(Title Image: Afan Valley Forest Park/Northern Powerhouse Developments)
Wales isn’t short of big ideas and talk, but where we fall short is actually getting things done.
I’ve lost count of the number of “big ideas” over recent years which have been proposed, approved then scuppered for whatever reason.
Come to think of it, the last “big ideas” which were seen through from drawing board to opening are, as far as I can remember, Bluestone resort in Pembrokeshire (which opened a decade ago) and the Swansea University Bay Campus. A465 dualling, the South Wales Metro and Wylfa B are likely to be next but are still several years away from completion.
Each “big idea” usually comes with a common set of promises: at least 500+ jobs; contributing several hundred million pounds to the local economy; it’s something that’s never been there before/has a USP; it promises regeneration in an economically depressed part of Wales and it comes with ultra-glossy artists impressions of people walking at funny angles with shopping bags or alike.
….a bit like a monorail in Springfield.
The Circuit of Wales, the Legend Court theme park at Caldicot, Valleywood, a supercasino in Cardiff Bay, the “new town centre” at Talbot Green, Island Farm Sports Village in Bridgend, the Technium initiative (across Wales), LG in Newport, Project Red Dragon….it looks like the Swansea Tidal Lagoon is about to join this illustrious list.
Those are just the ones off the top of my head. There are some of the smaller ones with a troubled history too like Cardiff-Swansea rail electrification as well as the emerging contenders like the Afan Valley Resort (which has been talked about for the best part of a decade, so forgive my cynicism), Cardiff International Business Park, the supposed North Wales Metro….
As much as I want to be proven wrong, the South Wales Metro and new rail franchise may fail to live up to the hype too because when it comes to Welsh politics, failing to live up to expectations is the default – and that’s sad. Disappointment and let downs have become as much a part of the Welsh experience as the language, rain and the flag.
Why do you think I stopped getting angry?
There’s nothing wrong with failing or taking a risk. It’s the not trying and the excuses that are worse. Well-intentioned mistakes are easier to take and accept than outright bone-headedness and the refusal to take ownership of problems by politicians and civil servants.
Amidst the inevitable teeth gnashing and chest thumping over the expected lagoon decision, it’s worth reminding people that we live in Wales.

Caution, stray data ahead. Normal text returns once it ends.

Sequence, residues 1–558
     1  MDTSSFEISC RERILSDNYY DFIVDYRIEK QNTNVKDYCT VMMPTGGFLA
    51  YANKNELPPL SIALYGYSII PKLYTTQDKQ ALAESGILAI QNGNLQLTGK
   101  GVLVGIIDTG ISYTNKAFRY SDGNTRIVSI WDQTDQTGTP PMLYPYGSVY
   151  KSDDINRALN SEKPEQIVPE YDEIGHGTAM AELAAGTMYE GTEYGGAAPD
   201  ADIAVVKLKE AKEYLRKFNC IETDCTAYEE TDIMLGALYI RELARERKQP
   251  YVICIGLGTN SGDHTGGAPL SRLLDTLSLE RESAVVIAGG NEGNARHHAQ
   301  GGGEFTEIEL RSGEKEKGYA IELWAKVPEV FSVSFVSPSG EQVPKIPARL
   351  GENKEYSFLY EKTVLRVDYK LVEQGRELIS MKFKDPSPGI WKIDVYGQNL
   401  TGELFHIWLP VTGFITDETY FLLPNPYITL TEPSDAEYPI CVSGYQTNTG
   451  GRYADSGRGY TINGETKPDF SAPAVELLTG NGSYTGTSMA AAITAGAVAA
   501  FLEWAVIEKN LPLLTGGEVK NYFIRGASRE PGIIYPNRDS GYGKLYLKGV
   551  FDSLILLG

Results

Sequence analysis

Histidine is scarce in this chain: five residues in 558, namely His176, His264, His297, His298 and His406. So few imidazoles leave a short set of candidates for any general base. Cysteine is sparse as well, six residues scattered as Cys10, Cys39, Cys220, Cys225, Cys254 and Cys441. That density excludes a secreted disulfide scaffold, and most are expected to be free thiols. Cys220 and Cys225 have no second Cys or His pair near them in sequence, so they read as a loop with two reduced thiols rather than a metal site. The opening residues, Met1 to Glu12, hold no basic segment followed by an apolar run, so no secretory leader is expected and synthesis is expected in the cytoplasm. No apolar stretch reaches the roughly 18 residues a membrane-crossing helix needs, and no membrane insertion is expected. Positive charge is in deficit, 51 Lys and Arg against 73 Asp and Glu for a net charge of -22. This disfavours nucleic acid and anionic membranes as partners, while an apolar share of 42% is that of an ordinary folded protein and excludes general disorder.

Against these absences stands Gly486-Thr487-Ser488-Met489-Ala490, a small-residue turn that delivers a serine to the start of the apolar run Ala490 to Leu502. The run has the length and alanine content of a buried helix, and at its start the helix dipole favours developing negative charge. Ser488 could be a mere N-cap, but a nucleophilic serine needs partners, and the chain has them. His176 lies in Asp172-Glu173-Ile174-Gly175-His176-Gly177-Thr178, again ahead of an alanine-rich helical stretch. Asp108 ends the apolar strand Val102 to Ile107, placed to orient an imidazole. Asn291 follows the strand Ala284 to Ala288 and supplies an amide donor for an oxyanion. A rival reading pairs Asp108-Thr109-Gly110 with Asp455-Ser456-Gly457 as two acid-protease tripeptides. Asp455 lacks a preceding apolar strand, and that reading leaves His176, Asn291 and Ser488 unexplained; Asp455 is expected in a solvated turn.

Wales has been “kicked in the teeth” by governments at both ends of the M4 of all colours so often we’re living off an all-liquid diet of bullshit.
What do we get in response to these disappointments? Politicians of all colours pointing at each other saying, “They did it!” with Labour and the Tories often responsible for delivering the hardest kicks to our crumpled mouths.
I recommend that when you have the time you watch this recent 30 minute documentary on the Faroe Islands. They have fewer people than Barry, yet leave us in the shade on so many levels having faced down challenges far bigger than those we’re constantly told “can’t be solved”.
Five such problems featured in the show include rural broadband/telecoms, internal transport connections, the domestic media, maintaining and sustaining a minority language post-globalisation and retaining young people. Sound familiar?
How did they solve these problems? They did it themselves. They took whatever powers they needed, took whatever calculated risks they needed to take and got on with it. They’re not even independent either.
Paraphrasing what was said on Nation.Cymru recently, nothing will change unless we demand better as individuals and rethink our own attitudes. Where I differ is that I don’t believe you’re going to find that in the Senedd or at Westminster or even in your local council. Voting won’t change this by itself and while politicians might think themselves infallible, they can’t do it by themselves.
The solution is actually a lot easier. Start to believe we’re worth more than this and that Wales doesn’t deserve to be taken advantage of by spivs and carpet-baggers who promise the world and deliver nothing. Stop letting others decide what we’re worth just so it makes our lives and their lives a little bit easier and a little less complicated.
You reap what you sow and, to paraphrase 1984, “If you want a vision of the future, imagine a boot stamping on Welsh faces – forever”.